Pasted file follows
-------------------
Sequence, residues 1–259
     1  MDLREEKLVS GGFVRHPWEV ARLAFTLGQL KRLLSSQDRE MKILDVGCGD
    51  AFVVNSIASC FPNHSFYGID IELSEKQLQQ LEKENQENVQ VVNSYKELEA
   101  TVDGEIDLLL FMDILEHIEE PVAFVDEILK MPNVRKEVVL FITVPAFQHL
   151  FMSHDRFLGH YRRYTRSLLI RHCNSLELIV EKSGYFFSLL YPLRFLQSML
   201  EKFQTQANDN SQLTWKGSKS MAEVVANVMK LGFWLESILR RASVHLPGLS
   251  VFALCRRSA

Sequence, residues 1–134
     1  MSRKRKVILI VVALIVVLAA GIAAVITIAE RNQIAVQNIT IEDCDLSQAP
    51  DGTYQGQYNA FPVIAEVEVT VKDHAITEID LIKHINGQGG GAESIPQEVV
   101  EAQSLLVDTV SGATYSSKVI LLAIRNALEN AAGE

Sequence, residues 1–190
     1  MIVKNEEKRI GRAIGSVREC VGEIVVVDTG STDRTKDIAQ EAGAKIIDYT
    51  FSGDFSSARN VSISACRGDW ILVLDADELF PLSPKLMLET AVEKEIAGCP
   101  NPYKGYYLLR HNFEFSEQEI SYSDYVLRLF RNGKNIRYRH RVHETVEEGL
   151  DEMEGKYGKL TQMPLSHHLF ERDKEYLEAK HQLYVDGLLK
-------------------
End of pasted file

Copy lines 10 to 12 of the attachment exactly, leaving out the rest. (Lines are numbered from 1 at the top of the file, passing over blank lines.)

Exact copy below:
    51  DGTYQGQYNA FPVIAEVEVT VKDHAITEID LIKHINGQGG GAESIPQEVV
   101  EAQSLLVDTV SGATYSSKVI LLAIRNALEN AAGE

Sequence, residues 1–190